Byron Pitt lives and breathes cinema, displaying a rare and sometimes explosive passion for the silver screen - often with unpredictable results. GeekPlanetOnline is proud to present a movies column from the self-confessed “film drunk”; a man who once yelled at an entire cinema for laughing at Johnny English…
In response to the cynicism of my last article, I’ve decided to write about something I love. My favourite film if you will.
To start let me set the scene for those who’ve heard the podcast, read my reviews and believe that my favourite film is going to be one of those typical film student type endeavours.
I was working at my local cinema when the manager told me a film student looking for a job had told him that his favourite film was Battleship Potemkin. Now having seen this movie I can say that I respect its craft, imagery and place in film history. It is an important piece. However, I found it a little hard to believe that Sergei M. Eisenstein’s Russian Soviet montage epic is a late teen's favourite...
IMAGE: Yes, great fun
CAPTION: Yes... great fun.
No offence to him or any of us youths who are really down with the classics. I mean I am too. I just find it hard to believe that after a difficult day, there’s a bunch of film students are going to put their feet and relax to Di Sica’s Bicycle Thieves. It makes me wonder what some of these guys were doing in their childhood.
IMAGE: The Walken Look
When it comes to favourite films, I admire the choices of the late Gene Siskel (Saturday Night Fever), Mark Kermode (The Exorcist) or even crazy ol’ Armond White (like ALL Spielberg). Of all the films these guys have seen, they’ve picked films that truly feel personal to them. Not just the best or important films, but the accessible ones with that escapism and rewatch factor. The main reason I believe we watch movies in the first place. Which is why if I have to be true to myself and pick a favourite film, it would mostly like be House Party.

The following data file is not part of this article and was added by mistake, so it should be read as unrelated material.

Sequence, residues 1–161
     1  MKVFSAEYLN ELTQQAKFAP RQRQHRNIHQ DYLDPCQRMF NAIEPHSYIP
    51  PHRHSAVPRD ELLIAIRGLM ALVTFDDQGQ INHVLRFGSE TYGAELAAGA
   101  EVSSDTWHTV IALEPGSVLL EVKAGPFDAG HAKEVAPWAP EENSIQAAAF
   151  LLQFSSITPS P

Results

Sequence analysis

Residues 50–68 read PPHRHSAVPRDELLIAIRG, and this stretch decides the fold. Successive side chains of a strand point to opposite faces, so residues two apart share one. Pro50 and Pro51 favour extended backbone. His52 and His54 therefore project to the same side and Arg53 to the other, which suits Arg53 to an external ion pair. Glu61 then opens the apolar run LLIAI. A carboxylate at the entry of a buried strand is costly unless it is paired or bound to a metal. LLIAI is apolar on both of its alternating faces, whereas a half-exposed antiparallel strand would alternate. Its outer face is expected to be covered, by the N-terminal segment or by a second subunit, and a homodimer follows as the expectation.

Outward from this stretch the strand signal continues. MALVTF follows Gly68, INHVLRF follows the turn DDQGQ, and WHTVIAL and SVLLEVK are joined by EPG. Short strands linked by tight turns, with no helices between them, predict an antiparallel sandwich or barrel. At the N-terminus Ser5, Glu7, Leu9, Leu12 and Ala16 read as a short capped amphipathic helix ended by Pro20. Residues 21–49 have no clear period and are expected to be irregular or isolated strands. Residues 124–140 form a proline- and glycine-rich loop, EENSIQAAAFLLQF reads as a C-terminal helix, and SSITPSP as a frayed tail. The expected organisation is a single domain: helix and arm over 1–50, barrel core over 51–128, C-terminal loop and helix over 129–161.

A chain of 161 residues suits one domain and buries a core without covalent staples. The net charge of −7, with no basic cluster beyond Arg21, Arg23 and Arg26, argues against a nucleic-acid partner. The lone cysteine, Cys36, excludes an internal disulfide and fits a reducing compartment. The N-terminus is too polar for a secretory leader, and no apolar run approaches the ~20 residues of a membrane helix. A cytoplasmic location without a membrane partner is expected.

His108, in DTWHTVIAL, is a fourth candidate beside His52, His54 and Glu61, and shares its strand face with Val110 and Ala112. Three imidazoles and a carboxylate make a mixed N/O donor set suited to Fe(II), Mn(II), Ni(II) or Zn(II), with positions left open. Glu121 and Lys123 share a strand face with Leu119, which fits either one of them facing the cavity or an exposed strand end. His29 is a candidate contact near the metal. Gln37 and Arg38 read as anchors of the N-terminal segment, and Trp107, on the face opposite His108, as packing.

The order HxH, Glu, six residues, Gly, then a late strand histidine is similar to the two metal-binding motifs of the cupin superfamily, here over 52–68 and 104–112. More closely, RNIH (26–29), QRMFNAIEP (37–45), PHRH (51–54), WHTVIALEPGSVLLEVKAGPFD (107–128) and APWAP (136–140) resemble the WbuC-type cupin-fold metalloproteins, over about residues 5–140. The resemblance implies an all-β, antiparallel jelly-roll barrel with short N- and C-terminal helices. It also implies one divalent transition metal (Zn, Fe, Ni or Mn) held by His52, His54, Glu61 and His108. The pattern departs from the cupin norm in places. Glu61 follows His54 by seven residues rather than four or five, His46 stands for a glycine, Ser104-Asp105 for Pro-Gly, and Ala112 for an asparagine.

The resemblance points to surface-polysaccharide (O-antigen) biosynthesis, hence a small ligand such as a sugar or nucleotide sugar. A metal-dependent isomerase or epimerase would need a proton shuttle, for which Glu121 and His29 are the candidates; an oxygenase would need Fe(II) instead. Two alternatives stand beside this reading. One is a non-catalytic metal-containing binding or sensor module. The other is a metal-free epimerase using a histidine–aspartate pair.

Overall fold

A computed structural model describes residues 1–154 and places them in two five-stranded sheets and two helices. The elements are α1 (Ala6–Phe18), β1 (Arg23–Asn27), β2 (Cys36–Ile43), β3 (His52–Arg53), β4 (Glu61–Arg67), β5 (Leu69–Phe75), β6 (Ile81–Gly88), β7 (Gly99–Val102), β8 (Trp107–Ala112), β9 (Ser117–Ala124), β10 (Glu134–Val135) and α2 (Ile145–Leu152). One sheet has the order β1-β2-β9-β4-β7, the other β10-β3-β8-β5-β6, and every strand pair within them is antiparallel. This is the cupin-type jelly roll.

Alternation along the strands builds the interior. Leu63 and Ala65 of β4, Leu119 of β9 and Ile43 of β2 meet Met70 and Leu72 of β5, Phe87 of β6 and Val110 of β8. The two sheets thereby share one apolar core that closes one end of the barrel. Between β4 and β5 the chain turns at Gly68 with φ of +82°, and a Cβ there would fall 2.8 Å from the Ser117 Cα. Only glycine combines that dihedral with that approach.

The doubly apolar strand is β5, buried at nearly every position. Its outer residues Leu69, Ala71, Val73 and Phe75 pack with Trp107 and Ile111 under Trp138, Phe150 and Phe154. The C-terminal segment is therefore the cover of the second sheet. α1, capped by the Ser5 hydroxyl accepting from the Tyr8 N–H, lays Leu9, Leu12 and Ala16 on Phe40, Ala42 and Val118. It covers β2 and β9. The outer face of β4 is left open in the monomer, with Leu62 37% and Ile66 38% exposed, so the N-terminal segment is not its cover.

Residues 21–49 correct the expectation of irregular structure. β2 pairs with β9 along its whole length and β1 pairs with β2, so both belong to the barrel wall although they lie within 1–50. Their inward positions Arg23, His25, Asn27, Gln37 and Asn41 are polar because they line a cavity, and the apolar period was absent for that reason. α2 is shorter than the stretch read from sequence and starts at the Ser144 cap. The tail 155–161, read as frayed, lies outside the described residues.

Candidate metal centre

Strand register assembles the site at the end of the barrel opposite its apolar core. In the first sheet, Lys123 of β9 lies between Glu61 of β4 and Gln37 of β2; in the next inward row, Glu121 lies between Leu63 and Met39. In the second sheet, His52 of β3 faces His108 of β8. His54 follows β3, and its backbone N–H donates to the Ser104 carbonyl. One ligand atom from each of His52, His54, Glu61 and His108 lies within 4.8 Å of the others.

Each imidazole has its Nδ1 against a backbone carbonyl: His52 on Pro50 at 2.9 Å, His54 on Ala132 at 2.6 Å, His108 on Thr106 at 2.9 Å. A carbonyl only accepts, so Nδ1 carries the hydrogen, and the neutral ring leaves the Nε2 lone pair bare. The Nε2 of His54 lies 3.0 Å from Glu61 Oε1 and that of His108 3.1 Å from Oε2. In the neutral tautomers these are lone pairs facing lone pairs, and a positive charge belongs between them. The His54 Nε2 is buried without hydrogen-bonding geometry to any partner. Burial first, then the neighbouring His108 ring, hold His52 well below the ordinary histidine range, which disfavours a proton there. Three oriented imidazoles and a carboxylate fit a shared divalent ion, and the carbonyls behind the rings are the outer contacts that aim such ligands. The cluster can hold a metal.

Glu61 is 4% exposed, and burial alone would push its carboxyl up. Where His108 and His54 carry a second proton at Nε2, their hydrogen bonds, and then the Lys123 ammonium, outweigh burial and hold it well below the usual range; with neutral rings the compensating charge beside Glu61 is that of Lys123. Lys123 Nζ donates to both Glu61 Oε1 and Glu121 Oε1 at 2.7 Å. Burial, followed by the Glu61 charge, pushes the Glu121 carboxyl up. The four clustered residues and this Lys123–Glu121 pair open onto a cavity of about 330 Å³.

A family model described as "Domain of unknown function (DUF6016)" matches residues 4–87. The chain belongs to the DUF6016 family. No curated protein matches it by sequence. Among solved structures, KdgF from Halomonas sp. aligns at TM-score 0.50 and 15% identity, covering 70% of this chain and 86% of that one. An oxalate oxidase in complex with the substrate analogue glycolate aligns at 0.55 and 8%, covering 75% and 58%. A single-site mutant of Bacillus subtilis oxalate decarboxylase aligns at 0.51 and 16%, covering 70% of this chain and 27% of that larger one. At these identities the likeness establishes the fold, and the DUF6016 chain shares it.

IMAGE: In da house
Twenty years old and still as vibrant and funny as I remember it. It’s a movie that’s had me quoting lines, mimicking dance moves and humming songs since my first watch. This film had me copying Kid’s hairstyle at 14.
CAPTION: Believe it.
House Party opened my mind to the arthouse (peep the Eraserhead reference), helped infuse moral ideals and good intentions missed in so many “urban” films, but above all else...It’s a film that has always made me smile.
House Party tells the story of Kid (Christopher “Kid” Reid) a good student with musical aspirations, who has been invited to a house party held by his best friend Play (Christopher “Play” Martin). The music will be provided by their resident DJ, Bilal (Martin Lawrence), while the gorgeous Sydney and Sharane (Tisha Campbell and A.J Johnson respectively) have also decided to make an appearance. Problem is, Kid’s been grounded by his Pops (the late Robin Harris) for getting into trouble with a gang of hoods (played by the RnB band Full Force) at school. He isn’t allowed to go to the biggest party of his school year, but with that said, has that ever stopped a teen before? To say any more may ruin the fun.
A teenage film about kids having a good time, a familiar story well told with the added bonus that it’s a film that truly celebrates the vibrant aspects of Afro-American youth culture. The film has always appealed to me because, while so many urban movies deal with so many negative black issues, House Party cares only about pleasure. We all know about the Boyz in da Hoods or Menace 2 Societys, but I’ve always found them difficult to relate to because those characters just weren’t me.
The middle class black youth is considered an anomaly to many. When watching TV or movies, you could still be mistaken that they don’t exist, unless demonised in some way. Even many of the multifaceted characters of The Wire are of course drug dealers. House Party did its best to break much of this pessimism. So while the slang, music and dancing are prominent through the film, Hudlin only wishes to concentrate on the positive. Seeing a film where young black kids blow off steam with wholesome enjoyment over violence and crime is not only unbelievably refreshing, but still seemingly anomalous 20 years later.
In rewatching the film, it's interesting to see how moralistic and innocent the film is in its intent. As basic as the film's ideals are, this is a movie in which Kid, despite sneaking off to a party against his dad’s wishes, does his homework beforehand. Alcohol is introduced at the party and looked down upon. One scene has the love interest Sydney try and stop herself from swearing in front of Kid’s dad. This will mean nothing to most people, however in a cinematic world filled with porn girls next door, pie fuckers, and superbads it’s an innocence that isn’t observed as much anymore. I love American teen movies, but few of them even bother to look at aspects like this anymore. It’s the small notes of respect which we don’t usually see in a movie like this that elevate House Party above other films of its calibre.